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anonymous
 5 years ago
Use Simpson's rule, taking n=2, to find an approximation to \[\int\limits_{0}^{2}\sqrt{4+x ^{3}} dx\]
anonymous
 5 years ago
Use Simpson's rule, taking n=2, to find an approximation to \[\int\limits_{0}^{2}\sqrt{4+x ^{3}} dx\]

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anonymous
 5 years ago
Best ResponseYou've already chosen the best response.0h/3[f(0)+2f(2)+4f(1)+f(2)] h=20)/2=1 f(0)=2,f(1)=sqrt(5),f(2)=sqrt(12) (2+3sqrt(12)+4sqrt(5))/3=7.11219225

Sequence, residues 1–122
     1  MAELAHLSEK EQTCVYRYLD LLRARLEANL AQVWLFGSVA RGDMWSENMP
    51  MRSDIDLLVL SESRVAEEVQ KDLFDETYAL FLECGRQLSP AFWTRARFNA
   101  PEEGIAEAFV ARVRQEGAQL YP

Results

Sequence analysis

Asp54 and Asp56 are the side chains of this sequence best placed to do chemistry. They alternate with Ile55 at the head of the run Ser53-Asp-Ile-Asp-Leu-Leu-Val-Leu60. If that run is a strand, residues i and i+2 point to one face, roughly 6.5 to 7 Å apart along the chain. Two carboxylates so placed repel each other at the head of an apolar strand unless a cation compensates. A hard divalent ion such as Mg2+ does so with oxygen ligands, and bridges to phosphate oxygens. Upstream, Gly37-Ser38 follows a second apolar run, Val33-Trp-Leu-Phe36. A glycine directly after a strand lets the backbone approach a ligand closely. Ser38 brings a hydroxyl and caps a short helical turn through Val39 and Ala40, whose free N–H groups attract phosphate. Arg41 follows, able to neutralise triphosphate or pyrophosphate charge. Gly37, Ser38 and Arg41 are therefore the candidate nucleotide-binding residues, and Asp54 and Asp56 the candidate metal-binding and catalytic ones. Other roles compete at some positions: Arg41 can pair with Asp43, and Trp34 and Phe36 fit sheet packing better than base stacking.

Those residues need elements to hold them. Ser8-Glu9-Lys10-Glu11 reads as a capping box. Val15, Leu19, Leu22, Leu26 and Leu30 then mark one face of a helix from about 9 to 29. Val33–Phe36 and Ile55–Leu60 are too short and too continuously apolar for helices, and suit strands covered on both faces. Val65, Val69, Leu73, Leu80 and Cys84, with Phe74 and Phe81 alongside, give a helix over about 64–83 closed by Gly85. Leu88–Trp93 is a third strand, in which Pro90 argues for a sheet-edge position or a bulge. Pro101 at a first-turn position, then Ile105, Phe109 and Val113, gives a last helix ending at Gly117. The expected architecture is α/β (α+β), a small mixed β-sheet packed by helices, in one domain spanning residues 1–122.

anonymous
 5 years ago
Best ResponseYou've already chosen the best response.0i think the coefficient we can only use in n=2 are 1 4 1 therefore A=(h/3)(f(0)+4f(1) +f(2)) =(1/3)(2+4sqrt5+2sqrt3)=4.80279

anonymous
 5 years ago
Best ResponseYou've already chosen the best response.0I thought simpson's rule was h/3(f(0) +4f(1)+2f(2))
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